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My husband has been diagnosed with gout. Can changing his diet help him?
Most people are surprised to hear that I often diagnose people with gout – even in 2019.
Problem - Kings - Foods - Port - Fact
It’s not just a problem reserved for ancient kings who over-indulged in rich foods and drank too much port. In fact, gout, which causes sudden, excruciating pain in the joints, is the most common type of inflammatory arthritis I see.
Gout is caused by a build-up of a substance called uric acid, or urate. This can be genetic, or caused by kidney disease, obesity, high cholesterol and certain drugs such as diuretics.
Attacks - Months - End
The attacks can last for months on end and are incredibly painful.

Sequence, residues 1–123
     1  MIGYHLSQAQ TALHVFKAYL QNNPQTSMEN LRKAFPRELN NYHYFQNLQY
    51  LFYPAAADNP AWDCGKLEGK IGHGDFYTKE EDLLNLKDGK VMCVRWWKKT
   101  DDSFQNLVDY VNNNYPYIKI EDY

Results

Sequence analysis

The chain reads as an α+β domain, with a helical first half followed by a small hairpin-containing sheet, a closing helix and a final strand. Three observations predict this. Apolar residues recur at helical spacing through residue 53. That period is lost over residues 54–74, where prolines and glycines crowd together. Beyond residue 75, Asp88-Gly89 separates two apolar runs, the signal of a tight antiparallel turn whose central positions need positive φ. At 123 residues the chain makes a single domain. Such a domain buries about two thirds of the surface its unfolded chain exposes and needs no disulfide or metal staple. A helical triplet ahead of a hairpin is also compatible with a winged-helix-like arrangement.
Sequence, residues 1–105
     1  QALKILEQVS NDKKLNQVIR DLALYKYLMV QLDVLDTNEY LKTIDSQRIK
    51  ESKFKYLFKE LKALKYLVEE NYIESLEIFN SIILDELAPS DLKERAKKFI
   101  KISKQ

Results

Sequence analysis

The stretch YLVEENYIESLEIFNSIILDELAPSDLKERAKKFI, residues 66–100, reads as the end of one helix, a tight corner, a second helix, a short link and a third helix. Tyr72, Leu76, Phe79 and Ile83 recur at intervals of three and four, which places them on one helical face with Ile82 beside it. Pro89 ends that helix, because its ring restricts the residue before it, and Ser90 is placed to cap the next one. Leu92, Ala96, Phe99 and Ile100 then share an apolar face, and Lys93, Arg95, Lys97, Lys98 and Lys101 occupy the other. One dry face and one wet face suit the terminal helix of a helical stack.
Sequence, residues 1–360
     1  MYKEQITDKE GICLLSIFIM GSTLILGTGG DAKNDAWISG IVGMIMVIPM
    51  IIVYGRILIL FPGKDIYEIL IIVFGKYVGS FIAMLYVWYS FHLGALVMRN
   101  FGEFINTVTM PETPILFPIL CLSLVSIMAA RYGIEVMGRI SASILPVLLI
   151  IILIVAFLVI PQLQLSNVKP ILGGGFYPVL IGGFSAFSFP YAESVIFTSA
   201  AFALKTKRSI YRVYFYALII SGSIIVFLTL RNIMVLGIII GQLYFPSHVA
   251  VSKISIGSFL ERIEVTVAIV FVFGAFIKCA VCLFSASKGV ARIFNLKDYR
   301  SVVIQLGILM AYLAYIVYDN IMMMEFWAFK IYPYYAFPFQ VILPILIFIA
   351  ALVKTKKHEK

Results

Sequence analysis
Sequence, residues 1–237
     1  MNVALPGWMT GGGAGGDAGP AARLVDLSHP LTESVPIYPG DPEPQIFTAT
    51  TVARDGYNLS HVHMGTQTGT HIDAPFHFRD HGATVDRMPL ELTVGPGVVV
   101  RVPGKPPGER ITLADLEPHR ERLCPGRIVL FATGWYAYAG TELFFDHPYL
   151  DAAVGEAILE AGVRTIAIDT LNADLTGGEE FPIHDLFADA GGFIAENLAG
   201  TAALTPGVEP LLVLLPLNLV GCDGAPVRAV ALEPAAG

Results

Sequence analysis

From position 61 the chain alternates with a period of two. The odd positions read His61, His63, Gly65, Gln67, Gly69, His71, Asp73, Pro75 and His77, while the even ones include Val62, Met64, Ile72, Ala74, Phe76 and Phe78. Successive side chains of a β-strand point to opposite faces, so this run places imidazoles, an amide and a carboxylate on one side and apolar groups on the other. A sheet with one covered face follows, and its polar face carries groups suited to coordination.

As it is an obesity-related condition, any diet that gets you to a healthy weight will be useful. Avoiding a specific compound found in foods, called purines, helps to lower urate levels. High-purine foods include all alcohol, some seafood, fish and shellfish, as well as offal, bacon, turkey and venison. Beef, chicken and pork have a moderate purine level, as do asparagus, spinach and mushrooms.
Foods - Patients - Interventions - Change - Medications
Banishing all of these foods leaves little to eat, so most patients find dietary interventions too hard. But opting for dietary change is always worth it to avoid medications and side effects.
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